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Lene checked her wristwatch. “Ten thirteen a.m….and there’s currently a half-Earth, by the way. It’s waxing.”

“Good to know,” I said.

Finally, the door opened and the last guest stepped in. He scanned the bar until his eyes landed on me.

I slid my beer glass away. I never drank in front of him.

“Hi, Mr. Bashara,” said Lene.

Dad walked over to her and took her hand. “Miss Landvik. I was so sorry to hear about your father. I wept when I heard.”

“Thanks,” she said. “It’s been hard. But I’m getting better.”

Bob stood. “Ammar. Good to see you.”

“And you. How’s that rover hatch holding up?”

“Perfectly. Hasn’t leaked at all.”

“Glad to hear it.”

Billy threw a towel over his shoulder. “Good morning, Ammar. Fancy some juice? I’ve got a few powder flavors back here. Grape is the most popular.”

“Do you have cranberry?” Dad asked.

“I do indeed!” Billy pulled out a pint glass and reconstituted some cranberry juice.

Dale raised his glass. “Mr. Bashara.”

Dad gave him a cold stare. “Dale.”

“I forget,” said Dale, “do you hate me because I’m gay or because I’m Jewish?”

“I hate you because you broke my daughter’s heart.”

“Fair.” Dale polished off his beer.

Dad sat next to me.

“So a Muslim walks into a bar…” I said.

He didn’t laugh. “I’m here because you said you needed me. If you’re just having a drinking party I’d rather go back to the imam’s.”

“I’m not—”

“Mr. Bashara?” Svoboda popped his head between us. “Hi, we haven’t met. I’m Martin Svoboda. I’m a friend of Jazz’s.”

Dad shook his hand. “One of those ‘friends with benefits’?”

“Ugh.” I rolled my eyes. “I don’t do that, Dad. This may shock you, but I haven’t had sex with anyone in this whole room.”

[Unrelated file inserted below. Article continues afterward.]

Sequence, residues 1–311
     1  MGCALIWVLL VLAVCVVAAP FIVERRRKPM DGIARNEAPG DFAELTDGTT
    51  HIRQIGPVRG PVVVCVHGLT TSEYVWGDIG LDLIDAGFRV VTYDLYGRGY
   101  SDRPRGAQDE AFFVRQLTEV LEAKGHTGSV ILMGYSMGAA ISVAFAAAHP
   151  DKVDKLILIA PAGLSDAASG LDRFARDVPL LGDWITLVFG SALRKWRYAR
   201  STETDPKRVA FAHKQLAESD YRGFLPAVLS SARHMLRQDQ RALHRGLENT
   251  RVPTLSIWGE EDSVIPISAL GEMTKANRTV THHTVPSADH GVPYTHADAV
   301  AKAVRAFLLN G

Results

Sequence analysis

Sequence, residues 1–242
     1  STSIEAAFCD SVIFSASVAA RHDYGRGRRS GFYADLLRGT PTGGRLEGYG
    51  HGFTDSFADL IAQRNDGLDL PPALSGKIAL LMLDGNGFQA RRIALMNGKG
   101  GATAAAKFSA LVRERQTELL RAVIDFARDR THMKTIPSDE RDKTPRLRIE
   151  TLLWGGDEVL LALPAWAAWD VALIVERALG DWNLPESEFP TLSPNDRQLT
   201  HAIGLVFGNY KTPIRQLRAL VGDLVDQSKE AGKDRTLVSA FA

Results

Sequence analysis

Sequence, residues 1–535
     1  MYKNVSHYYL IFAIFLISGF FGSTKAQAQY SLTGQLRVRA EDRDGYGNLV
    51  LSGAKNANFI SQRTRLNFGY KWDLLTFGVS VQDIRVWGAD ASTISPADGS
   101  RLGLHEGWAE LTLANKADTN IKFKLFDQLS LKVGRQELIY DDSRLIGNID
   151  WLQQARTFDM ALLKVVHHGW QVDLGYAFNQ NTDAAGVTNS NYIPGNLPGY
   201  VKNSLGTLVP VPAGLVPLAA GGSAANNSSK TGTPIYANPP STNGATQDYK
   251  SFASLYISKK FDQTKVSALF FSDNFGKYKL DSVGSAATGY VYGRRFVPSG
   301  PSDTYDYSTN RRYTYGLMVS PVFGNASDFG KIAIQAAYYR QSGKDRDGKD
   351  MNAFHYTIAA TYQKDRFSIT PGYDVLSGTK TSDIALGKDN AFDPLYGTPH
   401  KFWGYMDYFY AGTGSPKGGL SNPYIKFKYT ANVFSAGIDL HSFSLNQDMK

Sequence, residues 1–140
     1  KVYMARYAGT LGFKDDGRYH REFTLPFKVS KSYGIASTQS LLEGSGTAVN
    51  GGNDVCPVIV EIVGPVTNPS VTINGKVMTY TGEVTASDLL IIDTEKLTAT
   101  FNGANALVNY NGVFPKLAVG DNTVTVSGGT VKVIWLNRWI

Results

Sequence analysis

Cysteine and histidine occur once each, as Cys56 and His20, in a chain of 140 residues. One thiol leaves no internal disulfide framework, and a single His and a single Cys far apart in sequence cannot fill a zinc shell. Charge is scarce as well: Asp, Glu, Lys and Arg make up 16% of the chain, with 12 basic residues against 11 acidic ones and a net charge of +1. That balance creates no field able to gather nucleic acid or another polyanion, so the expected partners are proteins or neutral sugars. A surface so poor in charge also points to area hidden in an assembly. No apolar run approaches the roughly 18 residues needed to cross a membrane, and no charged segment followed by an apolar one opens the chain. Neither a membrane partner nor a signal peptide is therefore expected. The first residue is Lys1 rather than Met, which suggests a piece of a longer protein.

“Well, it’s a small room.”

“Burn!” Svoboda said. “Anyway, I just wanted to say you did a great job raising Jazz.”

“You think so?” Dad said.

“All right,” I said. “Let’s get started.”

I walked toward the white screen. Svoboda got it to work, of course. He always got shit to work.

I took a breath. “A lot’s been going on and some of you have questions. Like Bob, who wants to know who did an unlicensed EVA to blow shit up. And Dad, who wants to know why I’ve made him hide out at the imam’s house for the last week. Settle in, I’m going to tell you everything I know….”

So I told them the whole sordid tale. All about the Queensland Glass fire, how Trond hired me, how the job went wrong, and how it connected to the murders. That led to O Palácio, Lefty, and Jin Chu. I told them about Sanchez Aluminum’s oxygen contract and Trond’s plan to take it over. I turned the floor over to Svoboda to explain ZAFO and how it worked. Then I finished up by telling the sea of shocked faces that dozens of mobsters were on their way to Artemis.

When I stopped talking, a general silence fell across the room.

Dale spoke first. “I think we can all agree this is pretty fucked up. But a couple dozen mobsters can’t just take over Artemis. I mean, we’ve had bar fights bigger than that.”

“This isn’t a gangster movie,” I said. “They’re not going to waltz in and start bashing skulls. They’ll just guard Sanchez Aluminum to make sure they keep the oxygen-for-power contract. We have a short window of opportunity before they get here.”

“I assume whatever you’ve concocted will be illegal,” Dad said.


He stood from his stool. “Then I won’t participate.”

“Dad, this is my only chance to stay alive.”

“Nonsense. We can go back to Earth. My brother in Tabuk could take us in—”

“No, Dad.” I shook my head. “No running away. Saudi Arabia’s your old neighborhood but it’s not mine. There’s nothing for me there but gravity sickness. Artemis is my home. I’m not leaving and I’m sure as hell not letting mobsters take over.”

He sat back down. He gave me a mean look, but didn’t leave. That was something, at least.

“Tell them about the plan!” Svoboda said. “I have all the visual aids ready!”

“All right, all right. Bring up the schematics.”

He tapped his Gizmo a few times and the projector showed architectural plans. The text in the title box read SANCHEZ ALUMINUM SMELTER BUBBLE—METALLURGICAL ANALYSIS.

I pointed to the screen. “The smelter bubble is much smaller than a municipal bubble. It’s only thirty meters across. But it still has the same double-hull construction as any other bubble. Wherever there are humans, KSC requires double hulls.”

I walked in front of the screen and pointed to features as I spoke. “Over here is the control room. It’s got a big window overlooking the facility, so I’ll have to be sneaky.”

“Is the control room its own air compartment?” Dad asked.

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